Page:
Exercise training in cardiac patients with chronic atrial fibrillation (AF) has received little attention in the literature. Therefore, this study compared exercise performance and the effect of an exercise training program over a period of 3 months in patients with and without AF.
Data in patients with AF (n = 19) were compared with a control group of patients in sinus rhythm (n = 44), drawn from a database of 2,116 patients. Patients performed a maximal exercise test on the bicycle until exhaustion before and after an ambulatory exercise training program where exercise training was offered 3 times a week for 3 months.
Before training, peak oxygen uptake (VO2) was significantly lower in patients with AF compared with the control group (1271 ± 368 versus 1496 ± 414 mL/min, P < 0.05). Exercise training significantly increased peak VO2 in both groups (+31%, P < 0.001 in AF and +25%, P < 0.001 in the control group). The gain in peak VO2 did not significantly differ between both groups. A significant decrease in resting heart rate was achieved in both groups after exercise training. AF was also a significant and independent determinant of peak VO2 in the total database, but not of the change in peak VO2.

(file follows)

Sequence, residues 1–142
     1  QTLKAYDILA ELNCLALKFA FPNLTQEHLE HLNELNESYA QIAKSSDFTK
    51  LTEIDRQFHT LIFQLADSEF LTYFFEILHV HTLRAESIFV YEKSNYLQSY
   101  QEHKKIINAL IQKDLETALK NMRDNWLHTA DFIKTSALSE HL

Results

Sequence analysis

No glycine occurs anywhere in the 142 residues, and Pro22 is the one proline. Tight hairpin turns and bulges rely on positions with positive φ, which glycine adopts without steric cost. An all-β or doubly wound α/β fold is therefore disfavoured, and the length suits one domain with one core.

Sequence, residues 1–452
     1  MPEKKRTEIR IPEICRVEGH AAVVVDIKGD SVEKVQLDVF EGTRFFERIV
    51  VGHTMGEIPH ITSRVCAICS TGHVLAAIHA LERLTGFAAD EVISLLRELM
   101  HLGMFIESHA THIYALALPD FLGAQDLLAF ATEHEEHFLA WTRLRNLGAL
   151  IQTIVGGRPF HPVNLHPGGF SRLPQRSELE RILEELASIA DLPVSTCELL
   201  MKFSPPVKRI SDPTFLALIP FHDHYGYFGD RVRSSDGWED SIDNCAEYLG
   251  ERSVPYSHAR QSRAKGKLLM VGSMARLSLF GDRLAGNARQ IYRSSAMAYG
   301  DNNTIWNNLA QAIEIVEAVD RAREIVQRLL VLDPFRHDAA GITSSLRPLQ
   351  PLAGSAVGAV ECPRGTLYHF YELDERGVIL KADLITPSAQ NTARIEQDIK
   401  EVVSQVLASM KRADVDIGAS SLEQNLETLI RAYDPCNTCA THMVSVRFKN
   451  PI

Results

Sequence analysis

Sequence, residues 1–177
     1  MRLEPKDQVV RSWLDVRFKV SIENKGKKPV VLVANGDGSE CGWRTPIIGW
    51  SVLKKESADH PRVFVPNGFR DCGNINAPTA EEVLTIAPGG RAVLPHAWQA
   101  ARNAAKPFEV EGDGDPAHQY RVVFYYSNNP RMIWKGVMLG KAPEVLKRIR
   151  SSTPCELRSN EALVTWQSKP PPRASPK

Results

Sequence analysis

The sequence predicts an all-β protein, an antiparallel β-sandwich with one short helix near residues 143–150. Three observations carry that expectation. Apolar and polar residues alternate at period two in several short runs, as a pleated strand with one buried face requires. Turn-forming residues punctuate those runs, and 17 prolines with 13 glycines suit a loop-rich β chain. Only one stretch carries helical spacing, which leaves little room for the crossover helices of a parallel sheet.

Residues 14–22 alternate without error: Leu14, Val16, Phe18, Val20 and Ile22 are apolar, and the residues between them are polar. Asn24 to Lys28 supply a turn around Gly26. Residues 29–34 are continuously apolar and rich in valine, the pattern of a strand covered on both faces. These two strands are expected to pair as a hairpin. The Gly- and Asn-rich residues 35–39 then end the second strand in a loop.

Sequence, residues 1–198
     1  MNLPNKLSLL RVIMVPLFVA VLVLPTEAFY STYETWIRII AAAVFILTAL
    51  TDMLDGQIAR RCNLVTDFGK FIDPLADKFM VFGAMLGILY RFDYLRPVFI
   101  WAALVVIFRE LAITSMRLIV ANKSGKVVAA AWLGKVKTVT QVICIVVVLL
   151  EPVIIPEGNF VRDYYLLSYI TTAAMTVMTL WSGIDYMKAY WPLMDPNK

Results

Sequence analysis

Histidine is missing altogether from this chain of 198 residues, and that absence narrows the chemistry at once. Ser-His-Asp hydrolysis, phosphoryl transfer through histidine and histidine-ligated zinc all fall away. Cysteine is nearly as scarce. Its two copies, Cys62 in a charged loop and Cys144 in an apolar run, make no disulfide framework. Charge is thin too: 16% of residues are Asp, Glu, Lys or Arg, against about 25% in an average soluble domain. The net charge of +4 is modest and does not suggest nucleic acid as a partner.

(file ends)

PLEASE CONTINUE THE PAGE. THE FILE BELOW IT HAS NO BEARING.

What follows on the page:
Exercise training significantly improves exercise performance in cardiac patients with AF. AF affects exercise performance but does not impair the beneficial effects of training. Patients with chronic AF should therefore not be dissuaded from participating in exercise training after a cardiac event.